If he hadn’t been a guru, of sorts, to the New York baseball scene, Yogi Berra could have had a career as a political observer to our local officials – perhaps the guy whispering his words of wisdom into their ears.

The Tao of Yogi?
Because that particular Berra-ism about declaring victory too soon is one that perhaps the people trying to lead a movement to change the way we draw our political boundaries should have learned a long time ago.

I STILL REMEMBER reading the reports about how the movement (calling itself Yes for Independent Maps) was crowing a month ago when they submitted nominating petitions that demand the issue be put on the ballots for the Nov. 4 elections in the form of a referendum question.

Let the people decide. “Yes,” or “no.” They had 532,264 signatures of support that they filed with the Illinois State Board of Elections

That is well in excess of the minimum number of signatures needed in order to actually get an initiative on the ballot across the state. They won. They declared victory. They made smug statements about how this, alone, showed the moral high-ground and desirability of their cause.

There was no way they could be stopped now!!!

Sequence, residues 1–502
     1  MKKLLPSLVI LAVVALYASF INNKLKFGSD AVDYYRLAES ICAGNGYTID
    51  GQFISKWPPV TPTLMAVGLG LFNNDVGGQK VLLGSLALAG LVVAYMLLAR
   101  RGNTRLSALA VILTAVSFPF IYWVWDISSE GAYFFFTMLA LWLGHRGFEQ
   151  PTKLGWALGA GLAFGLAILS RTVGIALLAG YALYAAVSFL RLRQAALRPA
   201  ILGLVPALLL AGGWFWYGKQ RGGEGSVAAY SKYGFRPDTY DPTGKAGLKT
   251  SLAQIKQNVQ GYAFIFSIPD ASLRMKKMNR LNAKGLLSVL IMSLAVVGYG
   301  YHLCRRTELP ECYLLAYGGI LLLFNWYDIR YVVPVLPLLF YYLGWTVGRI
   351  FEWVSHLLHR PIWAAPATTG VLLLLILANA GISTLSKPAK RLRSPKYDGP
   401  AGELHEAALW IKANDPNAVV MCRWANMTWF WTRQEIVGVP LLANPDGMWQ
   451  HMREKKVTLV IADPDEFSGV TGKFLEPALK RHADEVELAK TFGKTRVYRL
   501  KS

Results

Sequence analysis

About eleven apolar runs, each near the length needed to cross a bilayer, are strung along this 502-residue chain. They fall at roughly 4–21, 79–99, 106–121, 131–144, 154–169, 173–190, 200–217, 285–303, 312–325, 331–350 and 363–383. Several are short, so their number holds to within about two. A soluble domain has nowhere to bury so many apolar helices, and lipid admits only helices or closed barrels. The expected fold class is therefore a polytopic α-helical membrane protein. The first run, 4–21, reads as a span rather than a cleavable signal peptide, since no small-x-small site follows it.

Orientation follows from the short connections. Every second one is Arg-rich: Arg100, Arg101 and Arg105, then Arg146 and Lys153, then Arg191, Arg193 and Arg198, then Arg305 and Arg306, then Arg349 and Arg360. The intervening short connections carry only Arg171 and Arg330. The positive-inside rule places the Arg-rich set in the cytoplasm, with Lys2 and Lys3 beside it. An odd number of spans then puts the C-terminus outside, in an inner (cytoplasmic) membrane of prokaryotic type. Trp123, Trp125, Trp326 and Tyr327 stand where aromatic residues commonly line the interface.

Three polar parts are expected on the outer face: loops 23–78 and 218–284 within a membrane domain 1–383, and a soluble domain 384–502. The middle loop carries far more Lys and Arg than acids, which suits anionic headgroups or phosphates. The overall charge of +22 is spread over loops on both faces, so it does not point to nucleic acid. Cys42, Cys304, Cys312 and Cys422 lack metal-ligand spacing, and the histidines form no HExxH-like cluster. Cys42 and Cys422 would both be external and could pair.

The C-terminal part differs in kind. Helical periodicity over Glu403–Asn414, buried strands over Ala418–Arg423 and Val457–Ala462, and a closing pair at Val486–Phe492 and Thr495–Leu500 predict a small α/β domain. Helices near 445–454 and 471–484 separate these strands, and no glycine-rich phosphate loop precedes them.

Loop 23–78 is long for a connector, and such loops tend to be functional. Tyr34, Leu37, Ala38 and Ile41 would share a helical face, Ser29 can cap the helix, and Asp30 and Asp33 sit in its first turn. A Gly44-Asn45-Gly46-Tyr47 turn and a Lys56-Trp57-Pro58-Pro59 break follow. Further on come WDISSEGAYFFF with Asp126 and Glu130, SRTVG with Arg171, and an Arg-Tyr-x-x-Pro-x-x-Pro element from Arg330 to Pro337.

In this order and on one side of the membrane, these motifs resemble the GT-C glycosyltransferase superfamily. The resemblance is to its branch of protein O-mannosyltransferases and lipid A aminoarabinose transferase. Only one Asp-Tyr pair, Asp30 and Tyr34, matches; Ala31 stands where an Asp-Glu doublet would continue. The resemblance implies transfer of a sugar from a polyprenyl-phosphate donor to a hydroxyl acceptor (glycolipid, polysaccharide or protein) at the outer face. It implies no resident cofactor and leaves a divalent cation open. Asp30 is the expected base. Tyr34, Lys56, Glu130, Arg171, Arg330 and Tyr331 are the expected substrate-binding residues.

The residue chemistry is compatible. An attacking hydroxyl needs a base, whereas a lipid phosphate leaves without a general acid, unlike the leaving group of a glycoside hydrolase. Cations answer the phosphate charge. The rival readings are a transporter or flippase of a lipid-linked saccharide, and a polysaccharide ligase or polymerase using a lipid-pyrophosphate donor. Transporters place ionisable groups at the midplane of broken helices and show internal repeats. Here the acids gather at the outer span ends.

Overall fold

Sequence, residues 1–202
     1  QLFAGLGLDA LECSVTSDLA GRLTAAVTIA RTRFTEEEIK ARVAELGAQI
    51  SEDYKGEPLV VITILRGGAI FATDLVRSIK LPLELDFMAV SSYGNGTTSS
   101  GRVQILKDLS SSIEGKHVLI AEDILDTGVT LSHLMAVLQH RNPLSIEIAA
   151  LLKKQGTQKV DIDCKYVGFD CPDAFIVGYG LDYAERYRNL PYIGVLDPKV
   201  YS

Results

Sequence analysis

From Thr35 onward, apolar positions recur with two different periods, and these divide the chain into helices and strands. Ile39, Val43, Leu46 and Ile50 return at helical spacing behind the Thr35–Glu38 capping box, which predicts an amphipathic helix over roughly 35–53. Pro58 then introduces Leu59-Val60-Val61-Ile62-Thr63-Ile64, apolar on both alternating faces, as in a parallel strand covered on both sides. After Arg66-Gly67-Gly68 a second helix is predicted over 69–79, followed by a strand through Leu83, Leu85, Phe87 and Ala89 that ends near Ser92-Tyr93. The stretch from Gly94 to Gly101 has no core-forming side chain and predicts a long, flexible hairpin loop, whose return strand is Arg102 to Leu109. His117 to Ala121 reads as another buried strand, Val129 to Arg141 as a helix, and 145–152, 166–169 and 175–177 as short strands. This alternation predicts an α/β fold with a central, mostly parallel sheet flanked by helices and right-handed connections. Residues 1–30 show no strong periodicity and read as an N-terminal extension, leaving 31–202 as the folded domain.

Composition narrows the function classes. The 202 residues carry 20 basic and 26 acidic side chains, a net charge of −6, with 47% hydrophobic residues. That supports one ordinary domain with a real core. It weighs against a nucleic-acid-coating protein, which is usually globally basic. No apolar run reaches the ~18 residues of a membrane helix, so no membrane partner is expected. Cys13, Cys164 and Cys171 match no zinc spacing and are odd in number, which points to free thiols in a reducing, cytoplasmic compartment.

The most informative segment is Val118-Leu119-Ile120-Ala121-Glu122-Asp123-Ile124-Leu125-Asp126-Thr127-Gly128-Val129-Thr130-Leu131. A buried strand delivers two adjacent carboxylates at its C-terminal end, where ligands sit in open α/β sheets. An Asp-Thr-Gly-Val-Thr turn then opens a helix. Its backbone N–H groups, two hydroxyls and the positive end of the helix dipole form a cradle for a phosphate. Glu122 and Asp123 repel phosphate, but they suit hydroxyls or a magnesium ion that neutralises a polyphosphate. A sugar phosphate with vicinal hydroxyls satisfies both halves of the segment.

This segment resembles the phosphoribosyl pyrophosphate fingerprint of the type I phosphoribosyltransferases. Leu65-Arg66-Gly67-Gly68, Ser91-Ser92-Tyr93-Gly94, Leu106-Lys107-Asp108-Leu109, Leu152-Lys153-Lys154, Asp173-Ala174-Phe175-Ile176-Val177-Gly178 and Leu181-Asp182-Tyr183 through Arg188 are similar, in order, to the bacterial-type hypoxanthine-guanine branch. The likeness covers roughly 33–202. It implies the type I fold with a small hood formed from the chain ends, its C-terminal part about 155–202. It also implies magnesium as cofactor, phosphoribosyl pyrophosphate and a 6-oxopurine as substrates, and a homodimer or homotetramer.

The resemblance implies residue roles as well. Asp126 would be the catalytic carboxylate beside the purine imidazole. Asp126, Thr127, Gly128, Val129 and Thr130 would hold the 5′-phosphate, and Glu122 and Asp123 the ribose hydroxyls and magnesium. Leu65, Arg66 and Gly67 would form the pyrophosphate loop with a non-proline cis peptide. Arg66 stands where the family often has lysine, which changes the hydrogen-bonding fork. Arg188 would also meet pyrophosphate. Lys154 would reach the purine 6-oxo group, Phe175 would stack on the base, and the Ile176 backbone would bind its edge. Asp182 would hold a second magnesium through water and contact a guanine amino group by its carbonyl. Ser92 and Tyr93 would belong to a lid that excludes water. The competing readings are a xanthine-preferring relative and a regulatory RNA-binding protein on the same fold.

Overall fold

READING THOSE ACCOUNTS, I recalled thinking they were premature in declaring victory. Way too cocky, as a matter of fact. Somebody was going to wind up eating some serious crow.

Which is what seems to be happening now.

Reports this week indicate that the State Board of Elections is finding that the 532,264 signature figure is off, way off.

Yogi 'plays' better on TV than most pols
For one thing, the elections board says it counted all the signatures, and only came up with 507,467. Which is still well ahead of the 298,400 valid signatures required this year (it’s based on voter turnout in recent election cycles, so it changes) to succeed.


The state Elections Board handles the process by doing a thorough review of a randomly-selected share of petitions.